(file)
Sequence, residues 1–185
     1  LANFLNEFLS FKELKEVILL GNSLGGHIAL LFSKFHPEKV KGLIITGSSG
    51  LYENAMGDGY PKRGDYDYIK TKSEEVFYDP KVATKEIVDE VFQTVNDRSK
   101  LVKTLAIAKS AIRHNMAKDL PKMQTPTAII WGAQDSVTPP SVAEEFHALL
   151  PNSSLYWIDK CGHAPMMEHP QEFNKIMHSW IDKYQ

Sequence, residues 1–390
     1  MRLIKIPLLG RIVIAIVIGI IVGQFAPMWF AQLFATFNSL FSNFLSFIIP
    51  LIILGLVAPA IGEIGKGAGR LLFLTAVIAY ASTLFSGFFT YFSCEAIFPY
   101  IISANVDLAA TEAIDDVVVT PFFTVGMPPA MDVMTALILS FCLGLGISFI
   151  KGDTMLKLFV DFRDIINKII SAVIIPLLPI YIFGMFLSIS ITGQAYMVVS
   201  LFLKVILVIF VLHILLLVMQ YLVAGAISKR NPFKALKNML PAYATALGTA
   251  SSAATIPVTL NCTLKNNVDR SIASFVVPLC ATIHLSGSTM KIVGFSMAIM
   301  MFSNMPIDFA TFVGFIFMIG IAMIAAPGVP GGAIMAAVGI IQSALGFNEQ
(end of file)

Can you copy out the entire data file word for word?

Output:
Sequence, residues 1–185
     1  LANFLNEFLS FKELKEVILL GNSLGGHIAL LFSKFHPEKV KGLIITGSSG
    51  LYENAMGDGY PKRGDYDYIK TKSEEVFYDP KVATKEIVDE VFQTVNDRSK
   101  LVKTLAIAKS AIRHNMAKDL PKMQTPTAII WGAQDSVTPP SVAEEFHALL
   151  PNSSLYWIDK CGHAPMMEHP QEFNKIMHSW IDKYQ

Sequence, residues 1–390
     1  MRLIKIPLLG RIVIAIVIGI IVGQFAPMWF AQLFATFNSL FSNFLSFIIP
    51  LIILGLVAPA IGEIGKGAGR LLFLTAVIAY ASTLFSGFFT YFSCEAIFPY
   101  IISANVDLAA TEAIDDVVVT PFFTVGMPPA MDVMTALILS FCLGLGISFI
   151  KGDTMLKLFV DFRDIINKII SAVIIPLLPI YIFGMFLSIS ITGQAYMVVS
   201  LFLKVILVIF VLHILLLVMQ YLVAGAISKR NPFKALKNML PAYATALGTA
   251  SSAATIPVTL NCTLKNNVDR SIASFVVPLC ATIHLSGSTM KIVGFSMAIM
   301  MFSNMPIDFA TFVGFIFMIG IAMIAAPGVP GGAIMAAVGI IQSALGFNEQ